Opportunities for Cross-Class Solidarity and Political Activism in Community Food Programs

Friday, 20 July 2018: 15:45
Oral Presentation
Elaine POWER, Queen's University, Canada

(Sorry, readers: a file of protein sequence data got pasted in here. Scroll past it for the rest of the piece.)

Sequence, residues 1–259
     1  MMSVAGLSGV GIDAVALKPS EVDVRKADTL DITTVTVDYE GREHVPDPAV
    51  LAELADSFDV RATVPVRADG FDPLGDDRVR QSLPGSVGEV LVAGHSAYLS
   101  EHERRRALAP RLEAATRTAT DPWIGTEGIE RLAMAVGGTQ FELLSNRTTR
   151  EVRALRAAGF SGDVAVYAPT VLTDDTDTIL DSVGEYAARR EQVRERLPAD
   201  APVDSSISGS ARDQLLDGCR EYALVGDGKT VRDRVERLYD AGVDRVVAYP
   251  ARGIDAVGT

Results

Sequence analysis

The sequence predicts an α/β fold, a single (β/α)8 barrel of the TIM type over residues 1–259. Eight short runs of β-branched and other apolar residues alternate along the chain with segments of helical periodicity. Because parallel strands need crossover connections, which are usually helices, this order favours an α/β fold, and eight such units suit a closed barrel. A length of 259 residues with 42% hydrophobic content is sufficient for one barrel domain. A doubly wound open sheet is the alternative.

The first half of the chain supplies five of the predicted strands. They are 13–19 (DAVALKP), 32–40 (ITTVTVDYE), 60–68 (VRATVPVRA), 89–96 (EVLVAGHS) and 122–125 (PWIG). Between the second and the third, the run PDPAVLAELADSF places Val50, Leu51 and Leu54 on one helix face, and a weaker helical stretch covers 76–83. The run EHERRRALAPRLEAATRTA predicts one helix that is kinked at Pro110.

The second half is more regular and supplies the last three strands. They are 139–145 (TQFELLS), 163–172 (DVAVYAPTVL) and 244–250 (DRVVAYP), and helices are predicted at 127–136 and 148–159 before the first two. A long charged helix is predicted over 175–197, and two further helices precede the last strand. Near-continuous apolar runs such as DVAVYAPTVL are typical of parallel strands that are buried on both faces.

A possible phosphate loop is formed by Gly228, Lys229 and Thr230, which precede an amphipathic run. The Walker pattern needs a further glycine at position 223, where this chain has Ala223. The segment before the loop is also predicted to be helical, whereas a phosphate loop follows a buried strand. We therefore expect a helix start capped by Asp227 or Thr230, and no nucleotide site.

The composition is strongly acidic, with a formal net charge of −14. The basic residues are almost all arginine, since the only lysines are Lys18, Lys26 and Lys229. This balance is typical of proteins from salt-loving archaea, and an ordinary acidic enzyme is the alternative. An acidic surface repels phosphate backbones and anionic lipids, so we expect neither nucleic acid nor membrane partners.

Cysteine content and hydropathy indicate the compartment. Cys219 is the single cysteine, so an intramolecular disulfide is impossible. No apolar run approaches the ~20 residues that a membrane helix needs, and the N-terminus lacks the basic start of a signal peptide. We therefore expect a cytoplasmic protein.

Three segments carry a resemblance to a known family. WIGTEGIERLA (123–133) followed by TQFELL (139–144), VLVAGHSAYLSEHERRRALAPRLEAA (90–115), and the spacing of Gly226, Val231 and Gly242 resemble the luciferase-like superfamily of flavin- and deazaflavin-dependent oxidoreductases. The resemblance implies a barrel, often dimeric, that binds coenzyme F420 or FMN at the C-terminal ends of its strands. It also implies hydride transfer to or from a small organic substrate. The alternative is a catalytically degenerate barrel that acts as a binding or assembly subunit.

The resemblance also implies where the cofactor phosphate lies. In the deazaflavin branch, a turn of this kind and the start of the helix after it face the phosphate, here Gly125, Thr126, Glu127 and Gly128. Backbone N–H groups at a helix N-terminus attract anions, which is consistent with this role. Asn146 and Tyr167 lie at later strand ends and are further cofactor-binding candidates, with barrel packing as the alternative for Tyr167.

One of the most pernicious effects of neoliberalism is the competitive individualism that inculcates a sense of isolation. This is devastating for individuals but also for efforts to address the social, political, environmental and public health crises that we are facing. Growing income inequality and class segregation by neighbourhood, schools, and community organizations means that there are few opportunities for people of different class backgrounds to come together to get to know each other. The voices and concerns of those living in poverty are increasingly marginalized and invisible in the public realm, especially because politicians are obsessed with the “middle class.” In a research project investigating the benefits of community food programs, I began to investigate the conditions in which clients and volunteers from different class backgrounds can develop cross-class solidarity and become politicized. Preliminary analysis of qualitative interviews with food program volunteers and clients, program directors, and social justice activists suggests that the development of cross-class solidarity and political activism may be possible if a number of conditions are met. These include the willingness of those from the middle class to have their belief system challenged and to be uncomfortable; the availability of an alternative frames of understanding; the deliberate fostering of the talents of those who live in poverty; and easy access to opportunities for advocacy and political action.